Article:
A 49-year-old man is evaluated because of progressive jaundice, mild right upper quadrant abdominal pain, and weight loss over the last 3 months. The patient has a 25-year history of primary sclerosing cholangitis but has not seen a physician for more than 10 years. He takes no medications and drinks two cans of beer each evening.
On physical examination, he is cachectic and jaundiced. Abdominal examination discloses a firm liver edge and moderate ascites.
Labs: Hgb 11; Plts 75; total bili 5.8; AST 75; ALT 82; Alk phos 1000
RUQ US shows a nodular liver with moderate dilatation of the intrahepatic bile ducts, splenomegaly, and ascites.
A 42-year-old woman has a 2-week history of jaundice, low-grade fever, and fatigue. Medical history is noncontributory. The patient lives in Honduras but was born in the United States and returned to this country when she became ill. She has consumed at least one bottle of rum daily for 15 years and has taken acetaminophen, 1 g daily, for the past 3 days. She has no history of injection drug use, blood transfusions, or known exposure to anyone with hepatitis.
On physical examination, temperature is 37.9 °C (102.9 °F), pulse rate is 100/min and regular, and blood pressure is 110/70 mm Hg. Jaundice, spider angiomata, and mild muscle wasting are noted. Abdominal examination shows mild splenomegaly, no hepatomegaly, and no ascites.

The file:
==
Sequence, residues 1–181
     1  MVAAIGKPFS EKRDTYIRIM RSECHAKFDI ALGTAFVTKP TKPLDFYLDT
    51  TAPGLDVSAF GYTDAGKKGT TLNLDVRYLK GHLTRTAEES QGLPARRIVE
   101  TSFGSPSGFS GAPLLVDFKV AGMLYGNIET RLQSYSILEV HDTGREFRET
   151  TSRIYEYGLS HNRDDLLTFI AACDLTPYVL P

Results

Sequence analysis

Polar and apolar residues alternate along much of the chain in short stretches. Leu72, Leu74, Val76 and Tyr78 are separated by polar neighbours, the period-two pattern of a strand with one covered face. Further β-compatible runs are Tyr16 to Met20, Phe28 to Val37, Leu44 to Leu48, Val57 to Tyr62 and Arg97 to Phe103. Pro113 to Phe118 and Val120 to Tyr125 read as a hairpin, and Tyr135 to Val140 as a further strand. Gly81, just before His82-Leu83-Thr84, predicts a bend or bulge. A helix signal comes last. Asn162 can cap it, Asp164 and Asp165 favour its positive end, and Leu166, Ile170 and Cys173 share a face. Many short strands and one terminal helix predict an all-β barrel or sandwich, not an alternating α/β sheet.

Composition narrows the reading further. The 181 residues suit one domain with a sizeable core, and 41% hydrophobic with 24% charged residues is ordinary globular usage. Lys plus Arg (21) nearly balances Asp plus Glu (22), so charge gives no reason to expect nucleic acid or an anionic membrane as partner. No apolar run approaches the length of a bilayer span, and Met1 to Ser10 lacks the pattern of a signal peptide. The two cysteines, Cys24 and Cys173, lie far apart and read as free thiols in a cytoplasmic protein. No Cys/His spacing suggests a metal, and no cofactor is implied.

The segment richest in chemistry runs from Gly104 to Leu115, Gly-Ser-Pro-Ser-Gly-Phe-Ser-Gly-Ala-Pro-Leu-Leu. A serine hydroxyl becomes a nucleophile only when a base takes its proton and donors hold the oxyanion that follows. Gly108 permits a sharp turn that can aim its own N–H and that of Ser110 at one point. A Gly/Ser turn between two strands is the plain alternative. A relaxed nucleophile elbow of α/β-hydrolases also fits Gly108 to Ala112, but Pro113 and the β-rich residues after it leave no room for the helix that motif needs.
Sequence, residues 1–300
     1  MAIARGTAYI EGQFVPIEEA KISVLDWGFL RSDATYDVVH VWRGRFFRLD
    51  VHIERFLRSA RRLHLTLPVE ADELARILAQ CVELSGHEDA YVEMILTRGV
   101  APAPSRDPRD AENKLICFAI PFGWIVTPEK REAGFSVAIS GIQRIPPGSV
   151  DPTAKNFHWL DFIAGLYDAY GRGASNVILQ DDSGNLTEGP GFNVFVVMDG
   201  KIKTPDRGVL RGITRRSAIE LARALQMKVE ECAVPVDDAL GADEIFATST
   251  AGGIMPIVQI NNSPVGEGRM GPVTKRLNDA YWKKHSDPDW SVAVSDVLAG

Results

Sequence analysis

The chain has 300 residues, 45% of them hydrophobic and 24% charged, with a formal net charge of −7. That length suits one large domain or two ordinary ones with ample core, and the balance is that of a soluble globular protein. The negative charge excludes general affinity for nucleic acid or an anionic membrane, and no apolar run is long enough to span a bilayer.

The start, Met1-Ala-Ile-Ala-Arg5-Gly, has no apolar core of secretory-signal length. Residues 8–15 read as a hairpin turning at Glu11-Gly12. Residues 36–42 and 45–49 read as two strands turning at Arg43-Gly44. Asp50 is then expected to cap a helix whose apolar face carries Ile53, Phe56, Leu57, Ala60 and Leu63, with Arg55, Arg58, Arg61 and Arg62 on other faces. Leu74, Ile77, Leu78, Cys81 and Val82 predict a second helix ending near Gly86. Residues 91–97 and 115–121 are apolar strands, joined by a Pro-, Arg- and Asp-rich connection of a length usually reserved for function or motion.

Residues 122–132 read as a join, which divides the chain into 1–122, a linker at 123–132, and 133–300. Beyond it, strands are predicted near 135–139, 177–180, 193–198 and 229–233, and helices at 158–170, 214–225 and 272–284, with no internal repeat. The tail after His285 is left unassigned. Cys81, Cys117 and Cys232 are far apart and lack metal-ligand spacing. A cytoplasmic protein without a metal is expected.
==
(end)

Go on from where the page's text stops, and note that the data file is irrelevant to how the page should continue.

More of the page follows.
Labs: Hgb 12.8; WBC 4; Plts 90; AST 125; ALT 57; Total bili 6; Direct bili 4; INR 2.4; Albumin 3.4; IgG anti-HAV positive
Fever, alcoholism, findings consistent with chronic liver disease, and a serum aspartate aminotransferase to serum alanine aminotransferase ratio (AST:ALT) >2 are associated with alcoholic hepatitis.
The discriminant function (DF) uses the patient's prothrombin time (PT) and serum bilirubin level to estimate disease severity: (DF = 4.6 [PTpatient - PTcontrol] + serum bilirubin [mg/dL]). A DF score of >32 identifies patients with a 50% mortality rate within 30 days.
Treatment options for DF>32: pentoxifylline, prednisolone
A 24-year-old woman comes to the emergency department because of acute right upper quadrant abdominal pain and syncope. Medical history is unremarkable. On physical examination, pulse rate is 124/min and regular, and blood pressure is 80/60 mm Hg. The abdomen is distended but nontender. An urgent CT scan demonstrates a 5-cm lesion in the liver and high-density fluid in the peritoneal cavity, consistent with blood.
The patient's condition stabilizes following administration of intravenous fluids and blood transfusions. Physical examination discloses abdominal distention. There are no stigmata of chronic liver disease.